WASHINGTON: The US budget deficit narrowed slightly in the past year as the economy recovered from the Covid-19 pandemic, falling US$360 billion to US$2.8 trillion, the government reported Friday.
The result for the fiscal year ended Sep 30 was far better than expected a few months ago, but just shy of the record set in 2020 during the worst of the health crisis that shuttered businesses nationwide and caused millions of layoffs, report agencies.
“Today’s joint budget statement is further evidence that America’s economy is in the midst of a recovery,” Treasury Secretary Janet Yellen said, crediting the huge American Rescue Plan stimulus package approved early this year.
Government outlays increased US$266 billion to US$6.8 trillion in the fiscal year just ended, partly due to ongoing spending from the massive aid bills passed in 2020, when the pandemic was at its worst.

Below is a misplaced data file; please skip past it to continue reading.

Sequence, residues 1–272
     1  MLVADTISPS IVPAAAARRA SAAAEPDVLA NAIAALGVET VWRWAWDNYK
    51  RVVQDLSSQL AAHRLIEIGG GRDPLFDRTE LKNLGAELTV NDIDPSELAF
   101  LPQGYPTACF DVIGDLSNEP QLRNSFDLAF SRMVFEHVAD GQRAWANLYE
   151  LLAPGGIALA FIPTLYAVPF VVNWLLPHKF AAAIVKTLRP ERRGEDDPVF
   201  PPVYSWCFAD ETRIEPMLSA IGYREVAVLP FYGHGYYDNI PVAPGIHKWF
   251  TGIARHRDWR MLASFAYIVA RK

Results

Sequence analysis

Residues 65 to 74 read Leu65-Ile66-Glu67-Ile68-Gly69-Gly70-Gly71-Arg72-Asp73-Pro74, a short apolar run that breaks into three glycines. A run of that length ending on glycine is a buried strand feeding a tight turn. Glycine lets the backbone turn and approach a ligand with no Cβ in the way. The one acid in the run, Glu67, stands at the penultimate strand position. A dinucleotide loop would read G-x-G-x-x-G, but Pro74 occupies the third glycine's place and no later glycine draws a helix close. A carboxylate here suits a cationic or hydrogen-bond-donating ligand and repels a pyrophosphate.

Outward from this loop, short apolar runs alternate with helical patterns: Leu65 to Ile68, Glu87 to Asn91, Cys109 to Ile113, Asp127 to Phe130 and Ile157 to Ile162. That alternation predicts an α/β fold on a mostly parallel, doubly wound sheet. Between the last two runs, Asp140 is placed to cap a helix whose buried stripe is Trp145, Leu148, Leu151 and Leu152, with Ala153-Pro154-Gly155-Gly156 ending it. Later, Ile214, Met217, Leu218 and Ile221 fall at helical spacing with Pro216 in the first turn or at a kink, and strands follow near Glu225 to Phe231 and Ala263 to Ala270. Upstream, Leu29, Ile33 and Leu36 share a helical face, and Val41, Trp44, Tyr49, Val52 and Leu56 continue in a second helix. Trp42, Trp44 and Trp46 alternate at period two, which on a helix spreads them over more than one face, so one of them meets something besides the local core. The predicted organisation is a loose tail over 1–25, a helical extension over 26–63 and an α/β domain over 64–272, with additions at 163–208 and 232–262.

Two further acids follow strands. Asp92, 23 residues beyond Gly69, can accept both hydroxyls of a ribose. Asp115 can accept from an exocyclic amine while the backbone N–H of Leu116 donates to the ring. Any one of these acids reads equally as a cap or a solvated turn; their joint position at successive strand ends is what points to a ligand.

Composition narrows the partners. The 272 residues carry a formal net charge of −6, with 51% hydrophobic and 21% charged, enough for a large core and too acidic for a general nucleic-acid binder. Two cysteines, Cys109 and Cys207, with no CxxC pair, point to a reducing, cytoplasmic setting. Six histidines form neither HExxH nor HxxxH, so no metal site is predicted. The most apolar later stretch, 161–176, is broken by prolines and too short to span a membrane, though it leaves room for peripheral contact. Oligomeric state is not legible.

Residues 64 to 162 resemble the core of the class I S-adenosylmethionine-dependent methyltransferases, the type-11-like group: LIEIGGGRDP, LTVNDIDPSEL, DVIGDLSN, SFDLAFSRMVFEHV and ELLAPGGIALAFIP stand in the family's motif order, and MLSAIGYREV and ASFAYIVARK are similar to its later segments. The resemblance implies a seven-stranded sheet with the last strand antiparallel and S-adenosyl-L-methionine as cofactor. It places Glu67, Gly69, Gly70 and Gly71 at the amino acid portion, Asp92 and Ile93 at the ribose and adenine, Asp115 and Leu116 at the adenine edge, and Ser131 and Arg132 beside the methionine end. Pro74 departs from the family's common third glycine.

But Yellen cautioned that “while the nation’s economic recovery is stronger than those of other wealthy nations, it is still fragile.” President Joe Biden’s Democratic party is currently working to pass two huge legislative packages but are divided on their size and scope as well as how they will be paid for.
Yellen said passing the social and infrastructure spending proposals “will grow the economy, help workers and families and strengthen our nation’s long-term fiscal outlook.”
Meanwhile, the clock is ticking on the deadline for lawmakers to increase or suspend the federal debt limit and avert a historic default before a temporary pause expires Dec 3.
Yellen has said failing to act before Treasury runs out of funds to pay its expenses, including military and retiree payments, would be “catastrophic.” Total federal borrowing in the fiscal year increased by US$1.3 trillion to US$22.3 trillion, nearly matching the size of the world’s largest economy which had a GDP of US$22.7 trillion at the end of June.
In the breakdown of the budget totals, the report said individuals paid US$2 trillion in taxes, while corporations paid US$371.8 billion.
The Health and Human Services Department spent US$1.5 trillion, and the Defense Department spent US$718 billion, while foreign aid totaled US$20 billion.